I ran across something once upon a time and wondered if it was a Python "bug" or at least a misfeature. I'm curious if anyone knows of any justifications for this behavior. I thought of it just now reading "Code Like a Pythonista," which has been enjoyable so far. I'm only familiar with the 2.x line of Python.
Raw strings are strings that are prefixed with an
r. This is great because I can use backslashes in regular expressions and I don't need to double everything everywhere. It's also handy for writing throwaway scripts on Windows, so I can use backslashes there also. (I know I can also use forward slashes, but throwaway scripts often contain content cut&pasted from elsewhere in Windows.)
So great! Unless, of course, you really want your string to end with a backslash. There's no way to do that in a 'raw' string.
In : r'\n' Out: '\\n' In : r'abc\n' Out: 'abc\\n' In : r'abc\' ------------------------------------------------ File "<ipython console>", line 1 r'abc\' ^ SyntaxError: EOL while scanning string literal In : r'abc\\' Out: 'abc\\\\'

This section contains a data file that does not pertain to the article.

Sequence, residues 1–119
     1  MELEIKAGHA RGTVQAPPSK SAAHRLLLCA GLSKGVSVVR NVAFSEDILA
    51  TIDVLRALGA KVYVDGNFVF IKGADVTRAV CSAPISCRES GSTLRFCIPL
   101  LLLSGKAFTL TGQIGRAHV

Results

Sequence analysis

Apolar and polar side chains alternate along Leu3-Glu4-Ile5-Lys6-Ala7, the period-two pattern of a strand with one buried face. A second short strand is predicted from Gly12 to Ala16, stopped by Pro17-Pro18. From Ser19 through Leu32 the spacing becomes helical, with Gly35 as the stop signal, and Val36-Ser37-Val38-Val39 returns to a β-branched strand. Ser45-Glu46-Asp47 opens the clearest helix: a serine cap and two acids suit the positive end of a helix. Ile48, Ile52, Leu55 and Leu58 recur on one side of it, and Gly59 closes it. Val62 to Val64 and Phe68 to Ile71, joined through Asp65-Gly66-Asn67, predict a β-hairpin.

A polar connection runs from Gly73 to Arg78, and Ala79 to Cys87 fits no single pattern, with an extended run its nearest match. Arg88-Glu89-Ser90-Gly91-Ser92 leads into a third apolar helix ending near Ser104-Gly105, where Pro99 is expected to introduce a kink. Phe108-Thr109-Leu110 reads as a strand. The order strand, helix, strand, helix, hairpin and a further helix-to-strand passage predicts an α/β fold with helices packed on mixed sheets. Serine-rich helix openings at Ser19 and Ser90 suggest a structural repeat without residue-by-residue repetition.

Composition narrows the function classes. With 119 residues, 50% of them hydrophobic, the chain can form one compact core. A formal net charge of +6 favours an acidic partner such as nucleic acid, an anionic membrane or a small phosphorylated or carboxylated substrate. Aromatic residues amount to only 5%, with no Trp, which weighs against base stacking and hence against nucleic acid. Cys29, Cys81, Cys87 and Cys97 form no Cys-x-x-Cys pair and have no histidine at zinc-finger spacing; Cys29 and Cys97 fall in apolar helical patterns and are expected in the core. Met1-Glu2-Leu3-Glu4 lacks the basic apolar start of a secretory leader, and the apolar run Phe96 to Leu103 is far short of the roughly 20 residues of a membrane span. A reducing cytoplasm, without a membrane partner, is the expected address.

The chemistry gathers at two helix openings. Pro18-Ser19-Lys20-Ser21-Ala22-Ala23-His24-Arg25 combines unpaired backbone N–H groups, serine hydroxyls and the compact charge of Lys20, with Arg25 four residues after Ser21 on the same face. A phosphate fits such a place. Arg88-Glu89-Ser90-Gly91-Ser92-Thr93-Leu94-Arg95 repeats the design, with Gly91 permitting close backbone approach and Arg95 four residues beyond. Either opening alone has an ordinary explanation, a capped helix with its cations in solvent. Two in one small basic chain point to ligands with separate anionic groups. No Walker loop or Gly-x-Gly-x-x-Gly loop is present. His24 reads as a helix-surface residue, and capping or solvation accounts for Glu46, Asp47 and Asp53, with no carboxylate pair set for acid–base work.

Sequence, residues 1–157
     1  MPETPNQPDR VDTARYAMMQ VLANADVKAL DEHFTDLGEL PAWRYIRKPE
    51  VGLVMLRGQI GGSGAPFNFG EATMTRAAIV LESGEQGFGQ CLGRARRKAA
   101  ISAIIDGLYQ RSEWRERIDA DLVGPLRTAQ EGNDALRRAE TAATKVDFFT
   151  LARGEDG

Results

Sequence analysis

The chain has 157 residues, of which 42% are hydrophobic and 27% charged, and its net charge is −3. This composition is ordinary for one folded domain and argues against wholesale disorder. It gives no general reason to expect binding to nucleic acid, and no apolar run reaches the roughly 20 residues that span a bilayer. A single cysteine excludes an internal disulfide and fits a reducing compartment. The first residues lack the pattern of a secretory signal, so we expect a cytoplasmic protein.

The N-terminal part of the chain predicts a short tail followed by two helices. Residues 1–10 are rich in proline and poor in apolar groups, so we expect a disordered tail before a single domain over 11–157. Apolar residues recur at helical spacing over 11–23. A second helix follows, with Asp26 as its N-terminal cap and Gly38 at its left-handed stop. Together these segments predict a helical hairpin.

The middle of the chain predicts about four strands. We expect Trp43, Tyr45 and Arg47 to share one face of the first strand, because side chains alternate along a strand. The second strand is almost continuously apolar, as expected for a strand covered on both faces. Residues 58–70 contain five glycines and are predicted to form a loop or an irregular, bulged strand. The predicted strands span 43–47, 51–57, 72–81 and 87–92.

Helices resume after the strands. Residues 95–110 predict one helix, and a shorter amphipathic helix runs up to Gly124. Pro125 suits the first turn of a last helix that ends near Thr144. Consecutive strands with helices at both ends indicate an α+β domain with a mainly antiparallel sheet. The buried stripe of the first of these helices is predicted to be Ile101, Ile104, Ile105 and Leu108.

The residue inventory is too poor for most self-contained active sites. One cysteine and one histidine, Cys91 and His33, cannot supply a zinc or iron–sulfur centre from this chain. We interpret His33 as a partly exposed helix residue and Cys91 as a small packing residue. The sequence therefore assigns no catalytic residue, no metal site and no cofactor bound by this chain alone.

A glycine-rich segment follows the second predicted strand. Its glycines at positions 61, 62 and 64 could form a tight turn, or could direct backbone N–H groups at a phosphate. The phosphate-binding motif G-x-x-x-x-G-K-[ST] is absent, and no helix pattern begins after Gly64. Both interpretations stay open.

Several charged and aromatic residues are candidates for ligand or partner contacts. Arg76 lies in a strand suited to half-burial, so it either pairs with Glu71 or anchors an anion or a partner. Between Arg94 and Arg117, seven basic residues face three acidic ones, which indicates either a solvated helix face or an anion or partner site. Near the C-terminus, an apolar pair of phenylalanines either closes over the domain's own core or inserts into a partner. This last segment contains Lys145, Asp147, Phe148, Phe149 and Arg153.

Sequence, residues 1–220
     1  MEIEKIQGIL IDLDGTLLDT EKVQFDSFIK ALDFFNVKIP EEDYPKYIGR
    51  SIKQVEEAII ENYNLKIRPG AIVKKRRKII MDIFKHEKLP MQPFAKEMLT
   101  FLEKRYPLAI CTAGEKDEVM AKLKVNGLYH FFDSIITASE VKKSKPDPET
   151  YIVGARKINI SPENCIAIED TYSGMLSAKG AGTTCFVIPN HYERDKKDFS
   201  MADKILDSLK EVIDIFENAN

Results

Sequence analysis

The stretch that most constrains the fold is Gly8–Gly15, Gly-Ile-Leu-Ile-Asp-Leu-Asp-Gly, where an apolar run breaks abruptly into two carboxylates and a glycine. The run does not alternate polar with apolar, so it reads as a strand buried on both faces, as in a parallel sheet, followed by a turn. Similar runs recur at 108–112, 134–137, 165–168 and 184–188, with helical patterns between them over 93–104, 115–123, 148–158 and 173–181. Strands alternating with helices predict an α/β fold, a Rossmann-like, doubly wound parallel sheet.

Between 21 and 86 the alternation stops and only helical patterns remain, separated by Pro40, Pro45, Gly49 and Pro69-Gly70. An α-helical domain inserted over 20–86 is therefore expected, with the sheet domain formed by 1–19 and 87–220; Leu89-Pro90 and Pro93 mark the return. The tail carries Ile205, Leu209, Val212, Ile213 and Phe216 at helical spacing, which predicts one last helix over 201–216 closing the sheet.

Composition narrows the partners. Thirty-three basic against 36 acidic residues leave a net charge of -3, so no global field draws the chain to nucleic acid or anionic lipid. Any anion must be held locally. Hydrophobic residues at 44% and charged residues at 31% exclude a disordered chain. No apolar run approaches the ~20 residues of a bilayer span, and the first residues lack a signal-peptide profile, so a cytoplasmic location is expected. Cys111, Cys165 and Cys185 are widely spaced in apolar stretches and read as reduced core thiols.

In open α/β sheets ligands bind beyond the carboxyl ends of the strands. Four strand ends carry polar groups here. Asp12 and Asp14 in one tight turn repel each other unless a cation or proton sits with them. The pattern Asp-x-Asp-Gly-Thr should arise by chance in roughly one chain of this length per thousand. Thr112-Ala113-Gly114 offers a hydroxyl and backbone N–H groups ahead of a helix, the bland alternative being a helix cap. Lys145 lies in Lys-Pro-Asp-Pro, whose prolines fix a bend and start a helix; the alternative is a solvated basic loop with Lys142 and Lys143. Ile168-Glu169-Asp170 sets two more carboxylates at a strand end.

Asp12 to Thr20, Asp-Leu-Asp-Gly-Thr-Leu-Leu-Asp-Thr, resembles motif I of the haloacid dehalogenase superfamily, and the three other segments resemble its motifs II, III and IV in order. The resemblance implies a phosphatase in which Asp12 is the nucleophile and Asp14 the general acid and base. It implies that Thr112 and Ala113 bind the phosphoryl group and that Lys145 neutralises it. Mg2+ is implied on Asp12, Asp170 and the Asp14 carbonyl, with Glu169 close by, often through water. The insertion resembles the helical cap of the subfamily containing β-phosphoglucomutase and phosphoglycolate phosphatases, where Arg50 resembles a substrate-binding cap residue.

So one backslash before the closing quote is an error, but two backslashes gives you two backslashes! Certainly I'm not the only one that is bothered by this?
Thoughts on why 'raw' strings are 'raw, except for backslash-quote'? I mean, if I wanted to embed a single quote in there I'd just use double quotes around the string, and vice versa. If I wanted both, I'd just triple quote. If I really wanted three quotes in a row in a raw string, well, I guess I'd have to deal, but is this considered "proper behavior"?
This is particularly problematic with folder names in Windows, where the backslash is the path delimeter.